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ATLANTA – Sunday afternoon, at 1:35pm ET, marked the beginning to Nelly Korda’s historic KPMG Women’s PGA Championship victory. Exactly 10 minutes later, Renee Powell, the 2020 LPGA Ellen Griffin Rolex Award winner, and Mariah Stackhouse, a five-year LPGA Tour veteran, met face-face for the first time.
It’s the perfect story within a story that dates back to Powell’s father, Bill, a World War II veteran who played golf for 84 years. A Black man who endured racism and discrimination for identifying as a golfer, but a man who believed in opportunity and accessibility. He decided to build his own golf course, Clearview Golf Club in his home state of Ohio, a golf course where everyone would be welcome.
On Monday following the Women’s PGA Championship, the Bobby Jones Golf Course in Atlanta hosted the Renee Powell Clearview Legacy Benefit, a fundraiser to celebrate the 75th anniversary of Clearview Golf Club and raise awareness of Powell’s contribution and impact on the women’s game.
Renee Powell and Mariah Stackhouse meeting for the first time! pic.twitter.com/4XFKwGa3Pt
— Emilia Migliaccio (@emiliamigliacc1) June 27, 2021
“My whole family, they made so many sacrifices so that I could do what I did” said Powell. “My dad taught me the game of golf, and to be able to go on tour, to travel the world while they were at home in the trenches keeping that golf course alive. I just feel a strong sense of responsibility and obligation.”
The benefit began with a morning showcase, featuring Stackhouse and Powell and the latter’s impact on the past, present and future of the game. Both Powell and Stackhouse got emotional during the showcase.
“When I left the tour, Mariah wasn’t even born and there was no other African American playing. I’m just so thrilled that all of this is happening today and it’s just so great to kick this benefit off in Atlanta where Mariah is from and that she can be a part of this,” said Powell to the crowd, while beaming at Stackhouse.
“Renee, you mean the world to me,” Stackhouse replied. “You literally paved the way for myself and the ones that have come after. I have such huge respect for you as a person, as an athlete and as a fighter. It’s going to be an amazing day to uplift this rich history and an event that will be the catalyst for generations to come,” said Stackhouse, whose powerful words left the crowd in a moved silence.
The Clearview Golf Club operates mostly on fundraising and donations. The proceeds of the pro-am go to the Clearview Legacy Foundation for Education, Preservation and Turfgrass Research, dedicated to preserving the Clearview legacy and facilities for future generations.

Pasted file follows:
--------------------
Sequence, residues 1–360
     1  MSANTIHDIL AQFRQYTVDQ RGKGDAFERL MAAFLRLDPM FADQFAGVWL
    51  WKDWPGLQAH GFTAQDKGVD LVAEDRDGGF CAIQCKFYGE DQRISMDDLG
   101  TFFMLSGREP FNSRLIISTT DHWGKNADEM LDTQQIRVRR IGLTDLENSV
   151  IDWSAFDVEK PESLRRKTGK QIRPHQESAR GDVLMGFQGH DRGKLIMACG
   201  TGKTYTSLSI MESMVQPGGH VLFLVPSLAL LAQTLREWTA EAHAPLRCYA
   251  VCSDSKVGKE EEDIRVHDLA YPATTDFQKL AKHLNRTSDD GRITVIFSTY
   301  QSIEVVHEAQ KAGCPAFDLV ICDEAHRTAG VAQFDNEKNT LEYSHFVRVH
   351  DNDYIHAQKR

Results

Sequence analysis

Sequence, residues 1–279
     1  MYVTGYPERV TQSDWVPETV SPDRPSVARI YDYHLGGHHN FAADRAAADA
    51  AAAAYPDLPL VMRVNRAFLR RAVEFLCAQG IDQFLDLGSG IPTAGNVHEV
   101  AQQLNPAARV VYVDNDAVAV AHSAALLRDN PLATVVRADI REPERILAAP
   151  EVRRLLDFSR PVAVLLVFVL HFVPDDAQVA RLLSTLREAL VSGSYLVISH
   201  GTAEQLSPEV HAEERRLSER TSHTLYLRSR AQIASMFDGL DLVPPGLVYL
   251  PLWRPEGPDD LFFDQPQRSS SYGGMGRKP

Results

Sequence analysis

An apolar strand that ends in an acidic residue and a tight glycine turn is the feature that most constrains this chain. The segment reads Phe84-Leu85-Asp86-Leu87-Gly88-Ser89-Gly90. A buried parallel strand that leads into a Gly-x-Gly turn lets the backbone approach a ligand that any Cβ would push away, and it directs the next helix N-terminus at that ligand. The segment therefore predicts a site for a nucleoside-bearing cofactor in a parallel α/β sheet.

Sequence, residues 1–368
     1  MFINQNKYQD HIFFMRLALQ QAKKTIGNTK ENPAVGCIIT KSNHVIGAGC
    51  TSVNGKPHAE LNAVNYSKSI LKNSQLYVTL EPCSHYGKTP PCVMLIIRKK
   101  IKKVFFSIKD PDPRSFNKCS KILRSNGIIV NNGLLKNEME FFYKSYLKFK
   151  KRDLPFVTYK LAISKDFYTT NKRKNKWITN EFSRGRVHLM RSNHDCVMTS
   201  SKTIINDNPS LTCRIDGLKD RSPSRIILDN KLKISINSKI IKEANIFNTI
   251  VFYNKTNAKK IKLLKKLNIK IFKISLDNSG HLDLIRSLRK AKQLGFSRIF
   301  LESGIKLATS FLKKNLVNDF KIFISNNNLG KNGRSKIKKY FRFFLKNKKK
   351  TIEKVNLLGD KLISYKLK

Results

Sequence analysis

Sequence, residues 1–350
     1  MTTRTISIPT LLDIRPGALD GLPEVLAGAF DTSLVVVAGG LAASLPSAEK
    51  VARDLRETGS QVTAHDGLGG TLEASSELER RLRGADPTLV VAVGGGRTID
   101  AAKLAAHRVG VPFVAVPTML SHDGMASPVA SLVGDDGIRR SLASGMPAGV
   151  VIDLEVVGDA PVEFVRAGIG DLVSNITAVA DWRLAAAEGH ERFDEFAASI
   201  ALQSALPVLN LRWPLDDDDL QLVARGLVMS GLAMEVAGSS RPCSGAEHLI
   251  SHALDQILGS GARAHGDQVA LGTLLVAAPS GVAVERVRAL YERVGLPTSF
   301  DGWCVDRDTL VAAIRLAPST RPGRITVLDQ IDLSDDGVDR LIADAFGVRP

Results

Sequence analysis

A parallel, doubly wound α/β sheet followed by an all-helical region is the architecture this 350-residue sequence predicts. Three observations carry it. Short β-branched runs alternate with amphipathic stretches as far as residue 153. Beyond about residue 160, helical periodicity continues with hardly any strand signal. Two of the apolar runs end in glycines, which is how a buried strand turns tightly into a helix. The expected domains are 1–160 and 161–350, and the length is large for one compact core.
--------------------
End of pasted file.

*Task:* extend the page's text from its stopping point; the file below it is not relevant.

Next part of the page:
Renee Powell Clearview Legacy Benefit pic.twitter.com/opsJacT3x3
— Emilia Migliaccio (@emiliamigliacc1) June 28, 2021
Nine LPGA professionals and LPGA*USGA Girls Golf members participated in the event. Some of the professionals included, Maria Fassi, Leona Maguire, Brianna Do and Jane Park.
The day was not a typical pro-am. The amateurs played two sets of nine holes with one LPGA professional staged on each hole. Additionally, Girls Golf members had the opportunity to meet the professionals and amateurs. Throughout the event, there was a continuous three-hole putting challenge, an afternoon youth clinic sponsored by PGA Reach and a second golf showcase with Powell and Stackhouse, before the event concluded with food trucks and an evening reception.
“It’s an honor for me to be a part of this day and see the legacy she’s [Renee] building and the people she’s inspiring,” said Maguire, following the first nine holes of the pro-am. “I didn’t come from a rich background. My parents were both schoolteachers, so I was lucky enough to grow up on a par-3 course and that those opportunities were available to me. It’s all about creating opportunities and giving everyone the best possible chance.”
Eleven-year-old Ariel Collins got to spend time with LPGA Tour professional Do during the pro-am. “She’s very interactive and was so funny, and it was a perfect match because she said I was funny, too,” said Collins, who started playing golf at 4 years old and never looked back.
“It’s so great to be a part of a movement that Renee started herself and with all the other women and trying to get the minority out and play this wonderful game of golf.”
Collins wasn’t shy in her response when asked about her golf dreams. “My dream in golf is to make it to the LPGA Tour and to be compared to Renee Powell,” she said.
“I hope the image of golf in the future looks like our nation,” said Powell. “Clearview is not only a significant part of golf and African American history, but American history. I know there’s not just going to be one Mariah in future years.”